Salman Rushdie: ‘I think of my ex-wife as the Kellyanne Conway of my life. She lives in a universe of alternative facts’
The celebrity author sheds light on love, life and literaturebrunch Updated: Sep 04, 2017 19:16 IST
I first met Salman Rushdie in 2008, at the seaside home of Parmeshwar Godrej; after this dinner, I took him clubbing to a Juhu nightspot. The following morning, my friend, the writer John Berendt who was a guest at the dinner, pointed out that Rushdie had made the front-pages: he had been linked to a Bollywood starlet we had met there, and the night out earned him the renewed wrath of the religious fringe. Apparently, they were infuriated by his return to India (the visit was meant to be private, he was finishing an essay commissioned by The Gates Foundation). For all the soup my friends and I landed him in, I’m surprised Salman still speaks to me. Later, over dinner at my home, I made redress for the misadventure. He brushed it off, saying, “I’m always in trouble,” a remark typical of his generosity to younger writers – and telling of his air miles with, well, trouble.
For Brunch, we chatted about The Golden House, his new thunderbolt novel about family, politics, identity and our increasingly-estranged relationship with the truth. Set in America with a striking cast as impellent as it is flawed, the saga is recounted by René, a likeably unreliable filmmaker narrator whose smarts, cinematic hat tips and moral opacity fire the story to life. A marvel of social review, this zamaana book pays service to Stendhal, who believed a novel was a mirror walking down the road.
“I wanted to make a change of gear in my writing and to attempt a panoramic social novel,” Rushdie said. “I have always looked for crossroads at which the conversation inside me intersects with the greater conversation around me, and tried to build my books on those points. So The Golden House deals with exile, reinvention, secret selves, identity, art, the crisis within the self and outside it; a broken and fracturing family set against a broken and fracturing world.”
Echoing the rush tide of Rushdie’s 1995 Bombay ode The Moor’s Last Sigh, the new book is an on-point document of implausible realism. Dadaist enough to tether outside the range of imagination but not of experience, it recalls Lorrie Moore’s appraisal that, ‘Surrealism could not be made up. It was the very electricity of the real.’ In drawing up a post-truth, post-democracy America, has the ringmaster of magic realism set down the whip of his form? “I never say never, so I won’t say ‘never again magic realism,’ but I do feel a change in my personal literary climate,” he clarified. “The undermining of reality by, yes, the bizarreries of the Internet and the greater bizarreries of power pushes me away from my own wilder flights of fancy. But realism is a broad church, with Raymond Carver at one end, if you like, and High Modernism at the other. The ‘operatic realism’ which René the narrator strives towards is as good a description of what I’m trying to do as anything.”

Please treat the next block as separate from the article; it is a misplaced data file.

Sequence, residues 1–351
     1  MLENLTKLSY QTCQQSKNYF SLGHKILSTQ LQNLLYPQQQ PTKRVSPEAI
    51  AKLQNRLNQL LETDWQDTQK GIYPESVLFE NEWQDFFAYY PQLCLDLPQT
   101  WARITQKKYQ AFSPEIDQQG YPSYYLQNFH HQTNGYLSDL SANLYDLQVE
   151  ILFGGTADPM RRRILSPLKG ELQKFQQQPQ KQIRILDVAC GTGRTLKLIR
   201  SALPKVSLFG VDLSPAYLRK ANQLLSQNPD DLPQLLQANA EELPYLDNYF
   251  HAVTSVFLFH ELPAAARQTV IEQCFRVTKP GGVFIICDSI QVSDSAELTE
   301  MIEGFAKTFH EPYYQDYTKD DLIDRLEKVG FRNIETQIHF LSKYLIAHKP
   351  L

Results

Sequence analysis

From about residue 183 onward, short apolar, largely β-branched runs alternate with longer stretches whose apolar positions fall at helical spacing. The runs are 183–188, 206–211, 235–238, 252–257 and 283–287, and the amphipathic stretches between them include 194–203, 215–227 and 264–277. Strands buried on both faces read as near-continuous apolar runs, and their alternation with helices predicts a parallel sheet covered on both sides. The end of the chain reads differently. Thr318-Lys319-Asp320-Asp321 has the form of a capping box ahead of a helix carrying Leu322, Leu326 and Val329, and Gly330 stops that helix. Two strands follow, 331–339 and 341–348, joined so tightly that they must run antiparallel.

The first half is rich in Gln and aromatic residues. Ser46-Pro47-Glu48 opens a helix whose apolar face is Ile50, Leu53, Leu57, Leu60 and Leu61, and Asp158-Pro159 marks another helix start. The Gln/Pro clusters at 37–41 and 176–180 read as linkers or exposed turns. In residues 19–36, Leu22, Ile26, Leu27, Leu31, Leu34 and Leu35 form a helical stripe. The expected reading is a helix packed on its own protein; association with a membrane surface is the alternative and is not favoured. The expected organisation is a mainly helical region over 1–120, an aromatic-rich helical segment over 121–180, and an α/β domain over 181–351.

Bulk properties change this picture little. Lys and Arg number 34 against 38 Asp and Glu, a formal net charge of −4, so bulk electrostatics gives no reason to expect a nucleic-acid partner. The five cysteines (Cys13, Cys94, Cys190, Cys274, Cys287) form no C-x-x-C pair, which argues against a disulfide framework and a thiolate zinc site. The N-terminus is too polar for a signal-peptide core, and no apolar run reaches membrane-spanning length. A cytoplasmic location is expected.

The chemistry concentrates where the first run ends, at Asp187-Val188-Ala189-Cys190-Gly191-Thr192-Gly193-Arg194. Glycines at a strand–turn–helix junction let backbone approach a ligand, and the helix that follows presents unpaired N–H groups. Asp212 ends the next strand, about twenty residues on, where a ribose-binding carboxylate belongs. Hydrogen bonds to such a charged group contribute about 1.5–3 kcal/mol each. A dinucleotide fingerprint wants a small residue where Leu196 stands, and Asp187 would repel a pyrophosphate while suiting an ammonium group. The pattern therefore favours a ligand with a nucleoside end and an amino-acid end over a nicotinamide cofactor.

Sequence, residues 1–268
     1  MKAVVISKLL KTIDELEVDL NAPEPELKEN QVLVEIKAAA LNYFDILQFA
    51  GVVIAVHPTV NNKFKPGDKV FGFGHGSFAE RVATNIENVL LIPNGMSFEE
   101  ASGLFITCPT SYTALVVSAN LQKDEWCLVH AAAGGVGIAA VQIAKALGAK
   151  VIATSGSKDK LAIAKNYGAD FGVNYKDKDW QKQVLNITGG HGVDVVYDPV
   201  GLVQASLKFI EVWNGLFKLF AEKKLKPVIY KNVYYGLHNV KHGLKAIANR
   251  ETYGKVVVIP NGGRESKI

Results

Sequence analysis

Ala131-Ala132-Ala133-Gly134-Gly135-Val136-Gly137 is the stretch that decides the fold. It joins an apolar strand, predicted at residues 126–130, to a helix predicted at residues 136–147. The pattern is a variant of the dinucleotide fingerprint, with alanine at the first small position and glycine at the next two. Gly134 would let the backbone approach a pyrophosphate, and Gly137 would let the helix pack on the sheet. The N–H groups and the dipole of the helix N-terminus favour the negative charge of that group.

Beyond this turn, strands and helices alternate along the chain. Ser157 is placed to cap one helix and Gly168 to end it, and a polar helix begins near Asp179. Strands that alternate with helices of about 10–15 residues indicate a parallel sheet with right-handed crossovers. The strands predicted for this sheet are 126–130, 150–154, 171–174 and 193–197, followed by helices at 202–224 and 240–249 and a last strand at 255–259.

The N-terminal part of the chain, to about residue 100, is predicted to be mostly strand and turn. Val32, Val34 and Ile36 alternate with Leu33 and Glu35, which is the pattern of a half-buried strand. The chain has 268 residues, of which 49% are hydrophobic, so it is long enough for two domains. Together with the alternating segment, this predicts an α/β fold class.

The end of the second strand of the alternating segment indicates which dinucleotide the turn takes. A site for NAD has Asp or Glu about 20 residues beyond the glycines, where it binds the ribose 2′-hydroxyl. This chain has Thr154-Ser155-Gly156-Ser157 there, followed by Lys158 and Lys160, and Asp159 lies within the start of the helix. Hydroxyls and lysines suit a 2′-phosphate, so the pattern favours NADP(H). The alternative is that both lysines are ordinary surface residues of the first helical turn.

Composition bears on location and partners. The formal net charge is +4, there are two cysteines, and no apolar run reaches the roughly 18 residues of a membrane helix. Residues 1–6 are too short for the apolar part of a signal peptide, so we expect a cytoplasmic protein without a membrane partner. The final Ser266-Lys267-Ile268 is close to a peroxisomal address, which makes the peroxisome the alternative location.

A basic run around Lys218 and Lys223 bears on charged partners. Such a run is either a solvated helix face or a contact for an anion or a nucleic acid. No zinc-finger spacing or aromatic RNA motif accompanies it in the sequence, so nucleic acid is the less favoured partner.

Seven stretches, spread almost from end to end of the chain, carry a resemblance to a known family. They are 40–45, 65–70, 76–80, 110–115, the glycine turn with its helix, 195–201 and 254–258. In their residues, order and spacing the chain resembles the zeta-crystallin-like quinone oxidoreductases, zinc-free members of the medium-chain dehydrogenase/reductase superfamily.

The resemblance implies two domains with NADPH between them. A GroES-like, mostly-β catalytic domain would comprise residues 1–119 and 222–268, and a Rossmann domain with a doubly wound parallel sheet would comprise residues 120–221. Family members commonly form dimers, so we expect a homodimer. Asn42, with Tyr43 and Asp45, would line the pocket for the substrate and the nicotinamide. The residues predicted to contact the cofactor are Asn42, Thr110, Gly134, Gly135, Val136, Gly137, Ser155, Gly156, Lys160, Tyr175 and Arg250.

“A novel, Randall Jarrell said, is a long piece of writing that has something wrong with it; perfection is an impossible dream!”
Politics of writing
The process of writing The Golden House was, he says, simple. “I wake up, dive into the book, work until I’m exhausted, then stop. And of course I’m constantly revising, re-reading, subtracting, adding, and that goes on until the day the book goes to press – it certainly did in this case,” said the author who turned 70 this June. “I don’t show anybody anything until I think I’ve finished. ‘Finishing’ to me means realising that my revisions aren’t improving the work, but merely changing it; and becoming aware that my creative energy for the work has dimmed. A novel, Randall Jarrell said, is a long piece of writing that has something wrong with it; perfection is an impossible dream.”
The political novel is a complicated object. In the hands of Toni Morrison, a slavery epic like Beloved – serrated with sorrow, consoled with wisdom – turns into each reader’s private literary heirloom. But Nadine Gordimer is right to caution that novels should not become political manifestos, and some recent fiction from India have read like muddled, hectoring sermons more normally produced by a Berkeley undergrad crushing on Chomsky. While many of Rushdie’s books were consciously political, they are never self-consciously so, thanks to deftness of touch shot through with promiscuous scholarship. “Speaking as a reader, I don’t like books that seem to preach at me,” he says when I raise the prickly subject of Indian writers twerking internationally as professional causewallahs. “My idea is closer to the Joycean concept that literature should be ‘static,’ not ‘dynamic’ - by which I mean that it should not seek to push the reader one way or the other, but to create a world in which the reader can find enjoyment, stimulation, challenge, information, thought, emotion, beauty… all the pleasures of art.”
“I do not know how the country will recover or even if it can.... All we can do is fight our corner and hope.